Internal martial arts

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Wudang or Shaolin?

People commonly separate Chinese martial arts into the classifications: 'Wudang' or 'Shaolin'. These names supposedly indicate the origin of the martial arts styles and whether they are internal or external.
This form of distinction is seriously flawed e.g. not all internal systems come the Wudang Mountain range in Hubei, China. Tai chi does. Bagua comes from Mount Emei.
Similarly, how many 'external' kung fu styles come from the Shaolin Buddhist Monastery in Henan Province, China? Nobody knows for sure. Wudang and Shaolin are inaccurate generalisms.


The majority of martial arts are 'external':

  1. Aggression

  2. Locked joints

  3. Force against force

  4. Over-contracted muscles

  5. Using the arms independently of the body

  6. Macho attitude

  7. Locks and holds

  8. Striking a balanced, centred body

An external martial art takes the student's existing habits of physical usage and re-shapes the students to suit that particular system. Aggression, tension and machismo are encouraged, not quashed.

Everyone starts externally

New starters in a tai chi class employ external habits. This is all the student is capable of doing. As with any martial art, a great deal of time, effort and practice is necessary in order to shed the old.
External habits are of no use in a tai chi class. They represent a major impediment to progress. Unlearning is necessary. The student must train the body to do things differently.
'Internal' principles of body use are introduced, explained and explored from the very first lesson, but these will take some time to become habit.


Certain styles of fighting are referred to as being 'internal'. Internal martial arts employs insights and principles from the ancient Chinese wisdom of Taoism for fitness and combat.
These arts are very sophisticated and intelligent; relying on subtlety, sensitivity and speed, rather than brute force and aggression. And they can be trained for a lifetime...

To eradicate any erroneous ideas you may have, let us compare both the internal and external types of martial arts.
If we examine the substance and function of the two types, we will see that there is a great deal of difference between them. 

(Robert W Smith)

makes a martial art internal?

Exploring the internal martial arts is not the same as practicing a mainstream/conventional/external martial art.
There are many different considerations:

Conventional martial arts   Internal martial arts
Obvious   Hidden
Confucian, Buddhist    Taoist
Moral code   Principle e.g. yin/yang, change
Hard, brittle, bracing   Soft, fluid, loose
Combat is the main concern   Health and combat equally important
Straightforward   Significantly more detailed and sophisticated
Favour military-style warm-up exercise   Strength is built using unconventional means
Hard on the body   Gentler with the body
Uses existing body habits   Body must be trained to move in a 'natural' manner
Mechanical   Organic, natural
Jerky   Smooth
Typically focuses on striking or grappling, seldom both   Striking and grappling trained together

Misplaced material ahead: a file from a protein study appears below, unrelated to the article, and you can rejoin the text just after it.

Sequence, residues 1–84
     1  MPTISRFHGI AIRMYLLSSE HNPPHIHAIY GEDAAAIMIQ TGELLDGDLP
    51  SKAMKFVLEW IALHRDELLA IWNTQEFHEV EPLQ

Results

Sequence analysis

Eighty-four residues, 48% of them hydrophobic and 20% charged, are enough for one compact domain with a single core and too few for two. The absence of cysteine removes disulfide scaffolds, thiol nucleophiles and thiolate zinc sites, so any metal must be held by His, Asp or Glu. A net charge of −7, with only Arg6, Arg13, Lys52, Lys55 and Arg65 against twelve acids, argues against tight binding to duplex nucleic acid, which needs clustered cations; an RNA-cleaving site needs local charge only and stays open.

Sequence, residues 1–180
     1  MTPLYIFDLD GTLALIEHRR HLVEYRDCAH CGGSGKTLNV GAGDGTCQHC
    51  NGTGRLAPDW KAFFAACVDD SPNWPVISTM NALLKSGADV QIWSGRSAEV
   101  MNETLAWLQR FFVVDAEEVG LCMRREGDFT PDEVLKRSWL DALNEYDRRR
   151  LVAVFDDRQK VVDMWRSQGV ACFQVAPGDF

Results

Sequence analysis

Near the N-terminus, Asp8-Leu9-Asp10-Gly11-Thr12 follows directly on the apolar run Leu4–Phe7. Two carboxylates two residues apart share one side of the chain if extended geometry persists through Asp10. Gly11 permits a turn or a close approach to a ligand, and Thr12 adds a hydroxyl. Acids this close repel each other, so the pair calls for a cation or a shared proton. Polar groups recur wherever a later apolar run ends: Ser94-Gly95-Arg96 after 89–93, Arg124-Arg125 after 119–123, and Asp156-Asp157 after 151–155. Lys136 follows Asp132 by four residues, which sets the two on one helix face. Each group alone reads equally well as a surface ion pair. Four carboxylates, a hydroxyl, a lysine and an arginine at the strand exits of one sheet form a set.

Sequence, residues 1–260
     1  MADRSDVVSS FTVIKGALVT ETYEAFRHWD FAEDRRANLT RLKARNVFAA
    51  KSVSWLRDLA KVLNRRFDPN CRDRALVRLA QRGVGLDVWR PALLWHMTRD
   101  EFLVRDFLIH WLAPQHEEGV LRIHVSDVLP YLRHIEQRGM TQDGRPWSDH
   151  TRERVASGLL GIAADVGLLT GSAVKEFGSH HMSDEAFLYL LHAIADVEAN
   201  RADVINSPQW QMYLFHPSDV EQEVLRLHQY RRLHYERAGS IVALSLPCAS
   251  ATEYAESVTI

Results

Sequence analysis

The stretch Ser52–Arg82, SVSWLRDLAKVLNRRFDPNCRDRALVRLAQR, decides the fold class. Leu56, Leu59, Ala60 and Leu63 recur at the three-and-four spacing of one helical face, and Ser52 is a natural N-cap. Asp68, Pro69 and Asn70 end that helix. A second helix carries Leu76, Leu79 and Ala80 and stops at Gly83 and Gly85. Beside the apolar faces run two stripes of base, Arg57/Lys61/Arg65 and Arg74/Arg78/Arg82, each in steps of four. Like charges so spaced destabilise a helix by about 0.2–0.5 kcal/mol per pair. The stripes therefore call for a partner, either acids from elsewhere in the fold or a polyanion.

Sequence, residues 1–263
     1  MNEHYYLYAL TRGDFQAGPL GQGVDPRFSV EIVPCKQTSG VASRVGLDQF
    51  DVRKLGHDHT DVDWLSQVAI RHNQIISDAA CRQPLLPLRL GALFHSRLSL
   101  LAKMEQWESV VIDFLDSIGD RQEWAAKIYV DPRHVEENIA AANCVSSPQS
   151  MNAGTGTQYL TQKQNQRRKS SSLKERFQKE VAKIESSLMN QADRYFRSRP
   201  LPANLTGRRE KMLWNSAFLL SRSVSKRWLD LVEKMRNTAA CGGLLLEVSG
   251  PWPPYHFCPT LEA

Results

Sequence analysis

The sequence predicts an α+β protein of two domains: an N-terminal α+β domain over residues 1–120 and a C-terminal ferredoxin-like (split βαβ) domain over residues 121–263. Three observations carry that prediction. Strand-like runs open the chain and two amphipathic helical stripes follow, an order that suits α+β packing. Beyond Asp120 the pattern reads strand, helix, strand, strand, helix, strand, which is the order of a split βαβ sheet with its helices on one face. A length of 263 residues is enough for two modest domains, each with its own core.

Force versus force   4 ounces of pressure, stickiness, sensitivity
Favours the younger, stronger student   Age is less of an obstacle
Fighting/competition   Incapacitation is the aim
Aggression/emotion   Composure
Forcing   Allowing, leading, misdirecting
Speed   Spontaneity and timing
Isolated limb use   Whole-body movement
Extended   Close-quarters
Linear   Circular
Planning   Listening, sensitivity, adaptation
Struggling   Flowing
Blocking   Blending
Being in your head thinking about what to do next   Being in the body and sensation-oriented
Denying your vulnerability   Feeling your vulnerability
Contracted, locked musculature   Loose, fluid and relaxed musculature

Works the joints

  Works tendons, ligaments, fascia and muscles

Waits to be told the answer

  Figures things out

Looks outside for answers

  Figures things out

Is it really internal?

Studying tai chi chuan (dynamic balancing boxing) does not make a student an 'internal' martial artist. It all depends on how you train the art.
It is possible (and common) to perform the martial art 'externally'. Also, most tai chi classes are 'tai chi for health' and therefore not an internal martial arts class at all.


A common misconception is that any martial art offers the opportunity to reach an 'internal' level of practice i.e. a karate man can become internal. This is not true.
Internal forms are quite different to external ones. They were designed to be a vehicle for the exploration of a very unique way of moving and using the body.
Movement is initiated by the centre (not by the hips) and entails moving every part of the body as one fluid unit. The joints do very little work.

Different mind

The combat skills and sensibilities of the internal martial arts require a perceptual shift: blending, yielding, listening, stickiness. There is no blocking, struggling or forcing involved.

Eight internal styles

There are only eight known styles of internal martial art:

Tai chi chuan (dynamic balancing boxing)
Baguazhang (8 trigrams palm)
Xingyiquan (form/intention fist)
Liuhebafa (water fist)
Tongbeiquan (spreading power from the back fist)
Ziranmen (natural fist)
Bajiquan (eight extremities fist)
Yiquan (mind fist)/dachengquan (the great accomplishment)

We teach tai chi chuan. We no longer offer baguazhang.

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Page created 2 March 1995
Last updated 04 January 2024